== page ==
Uproar in the House of Commons as the result is announced
Prime Minister Gordon Brown has narrowly won a House of Commons vote on extending the maximum time police can hold terror suspects to 42 days.
Thirty-six Labour MPs joined forces with Conservatives and Lib Dems to vote against the proposals.
But that was not enough to defeat them - although the government still faces a battle in the House of Lords.
The 42-day proposal was passed by 315 MPs to 306 - with votes by the nine DUP MPs proving crucial.
Six SNP MPs also voted against the proposal, as did three Plaid Cymru MPs and three from the Northern Ireland-based SDLP.
But there was uproar in the Commons as the result of the key vote on 42 days was announced after five hours of tense debate - with Tory and Lib Dem MPs shouting "You've been bought" at the DUP benches.
They claim the DUP was offered a string of inducements - including extra financial help for Northern Ireland - to guarantee its support.
HOW THEY VOTED
Lib Dem and Tories voted against the government
36 Labour MPs voted against the government
Seven ex-ministers defied the Labour whip: Frank Dobson, Mark Fisher, Kate Hoey, Glenda Jackson, Peter Kilfoyle, Michael Meacher, and Chris Mullin
All nine Democratic Unionist MPs backed the government. They were: Gregory Campbell, Nigel Dodds, Jeffrey Donaldson, The Rev William McCrea, The Rev Ian Paisley, Iris Robinson, Peter Robinson, David Simpson, Sammy Wilson
The only Tory MP to back the government was former Home Office minister Ann Widdecombe
Labour rebels claimed the DUP had obtained guarantees that the government would block efforts to use the Human Embryology and Fertility Bill, currently going through Parliament, to loosen abortion rules in Northern Ireland.
They are also said to have cut a deal to keep revenue from water rates, which Westminster had been set to claw back.
But the DUP denies it was promised any financial support and insists it voted out of principle.
DUP MP Rev William McCrea said: "The issue was on national security."
Northern Ireland Secretary Shaun Woodward told the BBC: "There was no deal. There is no deal. They decided on principle. They made up their own minds."
For the Conservatives, shadow home secretary David Davis the government had lost the argument "hands down" but had "bought the vote".
And he vowed to fight it in the Lords - predicting the 42-day proposal would never become law.
"It has no authority, it has no legitimacy and it will be thrown out," he added.
Lib Dem home affairs spokesman Chris Huhne said the manner of Labour's victory had been "astonishing" - and for them to rely on the DUP to get such a crucial vote through the Commons would "have been laughed out of court a few weeks ago".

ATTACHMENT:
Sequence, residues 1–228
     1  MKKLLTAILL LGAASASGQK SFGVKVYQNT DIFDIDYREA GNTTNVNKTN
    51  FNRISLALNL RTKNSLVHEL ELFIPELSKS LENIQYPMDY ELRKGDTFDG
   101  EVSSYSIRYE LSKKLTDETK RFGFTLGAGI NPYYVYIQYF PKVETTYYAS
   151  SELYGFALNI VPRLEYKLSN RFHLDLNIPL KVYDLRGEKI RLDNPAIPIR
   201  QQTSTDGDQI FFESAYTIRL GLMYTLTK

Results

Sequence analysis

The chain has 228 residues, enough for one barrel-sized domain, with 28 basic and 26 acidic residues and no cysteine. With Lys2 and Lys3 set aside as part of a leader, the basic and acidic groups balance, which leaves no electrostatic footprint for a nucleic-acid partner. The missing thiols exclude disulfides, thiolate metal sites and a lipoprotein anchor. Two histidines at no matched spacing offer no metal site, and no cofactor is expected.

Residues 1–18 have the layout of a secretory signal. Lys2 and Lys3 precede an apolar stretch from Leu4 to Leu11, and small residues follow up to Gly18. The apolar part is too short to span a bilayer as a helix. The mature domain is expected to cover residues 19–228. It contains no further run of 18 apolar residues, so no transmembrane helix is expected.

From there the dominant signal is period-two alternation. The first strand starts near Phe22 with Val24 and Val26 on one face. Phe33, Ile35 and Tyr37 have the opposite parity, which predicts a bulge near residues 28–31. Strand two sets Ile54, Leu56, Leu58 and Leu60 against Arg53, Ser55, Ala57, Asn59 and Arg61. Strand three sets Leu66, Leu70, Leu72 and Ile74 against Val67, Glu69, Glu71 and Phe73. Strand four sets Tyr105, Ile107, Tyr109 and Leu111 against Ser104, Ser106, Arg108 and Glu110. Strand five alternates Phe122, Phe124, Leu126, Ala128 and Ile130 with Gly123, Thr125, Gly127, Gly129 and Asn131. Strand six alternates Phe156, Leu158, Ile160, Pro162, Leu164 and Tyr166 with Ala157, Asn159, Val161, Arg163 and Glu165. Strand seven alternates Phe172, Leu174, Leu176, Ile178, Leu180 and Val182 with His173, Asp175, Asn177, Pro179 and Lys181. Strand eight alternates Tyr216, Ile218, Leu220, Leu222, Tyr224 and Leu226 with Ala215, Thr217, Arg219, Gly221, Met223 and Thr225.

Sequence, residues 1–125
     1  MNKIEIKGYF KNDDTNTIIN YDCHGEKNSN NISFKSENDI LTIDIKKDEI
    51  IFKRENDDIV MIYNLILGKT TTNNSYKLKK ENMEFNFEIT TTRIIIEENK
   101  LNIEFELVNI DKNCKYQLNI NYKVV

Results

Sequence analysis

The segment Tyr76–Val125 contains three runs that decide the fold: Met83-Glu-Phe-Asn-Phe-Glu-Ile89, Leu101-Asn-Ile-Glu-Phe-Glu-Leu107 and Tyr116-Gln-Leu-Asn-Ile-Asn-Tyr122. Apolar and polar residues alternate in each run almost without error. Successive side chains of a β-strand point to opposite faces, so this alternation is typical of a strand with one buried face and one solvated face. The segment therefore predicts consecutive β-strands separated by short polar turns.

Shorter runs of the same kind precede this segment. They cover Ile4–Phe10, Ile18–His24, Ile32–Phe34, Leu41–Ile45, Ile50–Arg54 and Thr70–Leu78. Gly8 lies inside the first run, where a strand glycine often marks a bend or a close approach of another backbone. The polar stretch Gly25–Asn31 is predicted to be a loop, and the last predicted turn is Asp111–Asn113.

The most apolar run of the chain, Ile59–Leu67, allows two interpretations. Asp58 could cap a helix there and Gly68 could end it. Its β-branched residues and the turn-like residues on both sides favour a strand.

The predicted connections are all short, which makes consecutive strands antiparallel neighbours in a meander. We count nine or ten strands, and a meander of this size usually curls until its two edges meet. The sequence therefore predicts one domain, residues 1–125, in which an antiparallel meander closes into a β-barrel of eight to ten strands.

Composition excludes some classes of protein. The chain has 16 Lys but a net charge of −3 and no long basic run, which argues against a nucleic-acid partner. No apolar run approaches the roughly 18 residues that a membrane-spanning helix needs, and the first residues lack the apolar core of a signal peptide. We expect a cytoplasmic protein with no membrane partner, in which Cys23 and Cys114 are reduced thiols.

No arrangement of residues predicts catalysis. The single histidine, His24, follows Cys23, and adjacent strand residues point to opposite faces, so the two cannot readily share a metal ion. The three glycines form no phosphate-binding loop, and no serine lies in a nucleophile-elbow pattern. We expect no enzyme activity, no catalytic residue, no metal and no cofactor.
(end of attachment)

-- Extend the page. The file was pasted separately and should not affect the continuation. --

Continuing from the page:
The sole Ulster Unionist MP, Lady Hermon, voted with the government.
Home Office minister Tony McNulty acknowledged the government still faced a battle to get 42-day detention on to the statute books.
Any attempt to present this as some sort of victory for the government will ring absolutely hollow
"I accept fully that I continue to have a real job with some 30 or so of my colleagues to show that this is the way to go, that this is proportionate and accords with civil liberties and democracy.
"I don't profess it [the 42-days proposal] to be in a perfect state yet."
He added that he wanted to talk to Labour colleagues and opposition MPs to see "how this reserve power can be put through both houses in a consensual fashion."
Keith Vaz, Labour chairman of the Home Affairs Committee, defended Home Secretary Jacqui Smith for offering concessions to MPs in an attempt to win them over.
Shadow home secretary David Davis gives his reaction
"That is the nature of government. How dreadful it would be that the government should decide on a particular course of action and then not consult with anyone else," he said.
Tony Lloyd, chairman of the Parliamentary Labour Party, said the result leaves the government "very much in tune with what the nation wants" and accuses other parties of acting "opportunistically".
And Lord Carlile, the government's independent reviewer of anti-terror legislation, said he was "satisfied that Parliament has done the right thing".
But one of the Labour rebels, John McDonnell, said: "Any attempt to present this as some sort of victory for the government will ring absolutely hollow.
"There will be widespread consternation among our supporters in the country seeing a Labour government prepared to use every tactic available in its determination to crush essential civil liberties, which have been won by the labour movement over generations."
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